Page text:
TULSA, Ola. (KFOR) – Gov. Kevin Stitt is pursuing a special audit of Tulsa Public Schools, following a request from two school board members, and he claims the school district may have violated state law by conducting training related to critical race theory.
Stitt sent a letter Thursday to State Auditor & Inspector Cindy Byrd, requesting she conduct a special audit of the school district. He told Byrd he was requesting the audit after a “threefold series of troubling events” was brought to his attention.
He said two Tulsa School Board members, E’Lena Ashley and Dr. Jennettie Marshall, informed him about “substantial evidence” that the school district mishandled public funds, saying the members referred to the impropriety as a “pattern of operation.” He also expressed concern over the school district staying closed over 300 days during the COVID-19 pandemic despite receiving more than $200 million in federal funds that were intended to minimize school disruptions during the pandemic. Finally, he says the district may have conducted training related to teaching critical race theory, which he said is a violation of HB 1775.
Stitt alleges critical race theory defines and divides young students by their race or sex. However, some Oklahoma educators have defended the teaching of critical race theory, saying it discusses discrimination caused by certain policies and laws within the nation’s history.
The governor elaborated on the three “troubling events,” in the letter, describing them as follows:
“First, in a letter dated July 1, 2022, Tulsa School Board Members for Districts 3 and 4 disclosed to me that most board members were left “in the dark” while the TPS Superintendent conducted an internal investigation into what one Tulsa World article described as “almost $20,000 in irregularities tied to a vendor contract within the district’s Talent Management Department.” According to Tulsa School Board Members, there is “substantiating evidence” that this mishandling of public funds “is not a one-time situation but a pattern of operation.”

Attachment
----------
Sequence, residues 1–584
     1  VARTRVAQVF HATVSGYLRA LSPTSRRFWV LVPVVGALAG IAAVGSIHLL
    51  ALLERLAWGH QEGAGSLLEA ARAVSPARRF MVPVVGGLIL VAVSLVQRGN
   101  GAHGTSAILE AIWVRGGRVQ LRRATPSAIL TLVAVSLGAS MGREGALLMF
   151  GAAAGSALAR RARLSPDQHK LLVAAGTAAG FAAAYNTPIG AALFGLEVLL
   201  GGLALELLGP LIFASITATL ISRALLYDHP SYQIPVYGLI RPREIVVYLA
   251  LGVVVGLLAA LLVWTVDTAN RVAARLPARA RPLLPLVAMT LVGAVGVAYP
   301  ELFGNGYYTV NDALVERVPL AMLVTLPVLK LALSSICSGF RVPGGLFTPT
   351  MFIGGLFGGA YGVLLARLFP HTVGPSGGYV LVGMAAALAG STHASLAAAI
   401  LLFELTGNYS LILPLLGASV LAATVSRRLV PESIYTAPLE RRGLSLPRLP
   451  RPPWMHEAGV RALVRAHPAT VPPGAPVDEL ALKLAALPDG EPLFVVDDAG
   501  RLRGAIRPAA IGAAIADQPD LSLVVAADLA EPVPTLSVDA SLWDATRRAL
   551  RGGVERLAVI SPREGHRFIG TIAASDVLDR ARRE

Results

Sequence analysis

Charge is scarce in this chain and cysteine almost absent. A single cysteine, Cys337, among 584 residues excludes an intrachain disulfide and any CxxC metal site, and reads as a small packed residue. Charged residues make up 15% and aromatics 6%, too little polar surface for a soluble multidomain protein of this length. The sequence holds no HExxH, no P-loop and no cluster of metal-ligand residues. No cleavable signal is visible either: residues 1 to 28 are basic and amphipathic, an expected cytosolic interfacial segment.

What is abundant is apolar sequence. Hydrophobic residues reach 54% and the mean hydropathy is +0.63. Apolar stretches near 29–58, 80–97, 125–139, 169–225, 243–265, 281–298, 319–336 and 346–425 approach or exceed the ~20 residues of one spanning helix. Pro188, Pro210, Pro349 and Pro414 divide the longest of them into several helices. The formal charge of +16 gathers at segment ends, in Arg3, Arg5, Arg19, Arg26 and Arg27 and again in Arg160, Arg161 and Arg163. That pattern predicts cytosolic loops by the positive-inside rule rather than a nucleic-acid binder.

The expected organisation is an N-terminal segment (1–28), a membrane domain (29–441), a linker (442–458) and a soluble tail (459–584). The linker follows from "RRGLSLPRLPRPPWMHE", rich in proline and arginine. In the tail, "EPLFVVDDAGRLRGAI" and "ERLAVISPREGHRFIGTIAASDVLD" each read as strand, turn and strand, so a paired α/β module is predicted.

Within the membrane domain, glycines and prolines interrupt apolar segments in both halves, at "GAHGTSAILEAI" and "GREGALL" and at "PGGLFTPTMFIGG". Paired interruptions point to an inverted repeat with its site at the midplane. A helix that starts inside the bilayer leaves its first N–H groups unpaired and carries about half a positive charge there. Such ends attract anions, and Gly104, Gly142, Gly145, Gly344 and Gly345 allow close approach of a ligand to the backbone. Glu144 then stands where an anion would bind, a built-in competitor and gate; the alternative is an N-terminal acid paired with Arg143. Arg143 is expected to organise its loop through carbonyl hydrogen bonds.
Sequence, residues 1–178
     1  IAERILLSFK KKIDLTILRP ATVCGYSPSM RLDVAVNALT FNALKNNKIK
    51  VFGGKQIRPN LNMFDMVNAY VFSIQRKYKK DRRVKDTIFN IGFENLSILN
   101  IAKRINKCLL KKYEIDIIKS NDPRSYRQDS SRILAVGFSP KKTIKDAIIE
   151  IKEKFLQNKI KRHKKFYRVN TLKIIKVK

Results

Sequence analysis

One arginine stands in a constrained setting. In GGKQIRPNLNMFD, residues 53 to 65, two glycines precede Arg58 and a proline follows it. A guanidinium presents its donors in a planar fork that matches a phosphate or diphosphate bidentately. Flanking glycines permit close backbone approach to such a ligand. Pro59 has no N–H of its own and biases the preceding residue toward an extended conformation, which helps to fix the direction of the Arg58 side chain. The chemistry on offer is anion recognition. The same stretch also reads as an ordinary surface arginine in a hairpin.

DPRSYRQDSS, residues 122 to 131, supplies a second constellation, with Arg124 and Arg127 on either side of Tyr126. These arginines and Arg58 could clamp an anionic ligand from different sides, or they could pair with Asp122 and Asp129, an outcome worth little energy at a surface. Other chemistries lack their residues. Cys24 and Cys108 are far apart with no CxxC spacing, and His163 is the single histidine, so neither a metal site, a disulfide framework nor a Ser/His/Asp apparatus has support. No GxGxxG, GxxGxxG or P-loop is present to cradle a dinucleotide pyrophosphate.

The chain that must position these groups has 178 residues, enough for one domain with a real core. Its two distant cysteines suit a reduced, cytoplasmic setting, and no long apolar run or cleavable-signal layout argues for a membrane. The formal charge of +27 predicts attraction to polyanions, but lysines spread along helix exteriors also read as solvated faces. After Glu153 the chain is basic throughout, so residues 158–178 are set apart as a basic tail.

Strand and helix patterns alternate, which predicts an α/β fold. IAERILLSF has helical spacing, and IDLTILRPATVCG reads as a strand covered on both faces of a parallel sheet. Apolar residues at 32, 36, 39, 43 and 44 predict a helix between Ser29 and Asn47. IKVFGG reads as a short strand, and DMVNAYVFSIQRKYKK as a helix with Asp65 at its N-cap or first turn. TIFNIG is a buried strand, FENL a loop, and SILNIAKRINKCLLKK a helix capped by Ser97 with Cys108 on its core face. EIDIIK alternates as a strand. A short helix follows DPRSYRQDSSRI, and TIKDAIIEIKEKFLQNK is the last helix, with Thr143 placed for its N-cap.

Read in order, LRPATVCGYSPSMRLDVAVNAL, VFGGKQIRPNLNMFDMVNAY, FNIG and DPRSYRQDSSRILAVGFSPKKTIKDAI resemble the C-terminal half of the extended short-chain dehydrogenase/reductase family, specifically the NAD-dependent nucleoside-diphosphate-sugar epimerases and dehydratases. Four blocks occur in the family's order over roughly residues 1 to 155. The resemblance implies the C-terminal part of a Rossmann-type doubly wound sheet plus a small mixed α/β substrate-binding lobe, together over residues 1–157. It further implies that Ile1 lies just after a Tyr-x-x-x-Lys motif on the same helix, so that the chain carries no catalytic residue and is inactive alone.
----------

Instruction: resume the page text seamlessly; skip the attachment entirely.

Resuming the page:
Second, pursuant to federal law passed in response to the coronavirus pandemic, TPS has been allocated three rounds of Elementary and Secondary School Emergency Relief (ESSER) funds, totaling a little more than $205 million. Although ESSER funds were intended to minimize disruption from the COVID-19 pandemic and support the well-being of students, TPS stayed closed over 300 days—longer than any other school district.
Third and finally, sources have publicly indicated TPS may have conducted a training in contravention of House Bill 1775 and the administrative rules adopted in response to the legislation, which banned the teaching of critical race theory.”Gov. Kevin Stitt
Stitt pledged to get to the bottom of the allegations against Tulsa Public Schools.
“I have every confidence in State Auditor Cindy Byrd, who is also conducting a financial audit of the State Department of Education which I called for last year,” he said in a video-recorded statement. “To be Top Ten in education, parents need to know exactly what’s going on in their child’s school and in their child’s classrooms.”
The two school board members’ letter to Stitt, as well as Stitt’s letter to Byrd are included below: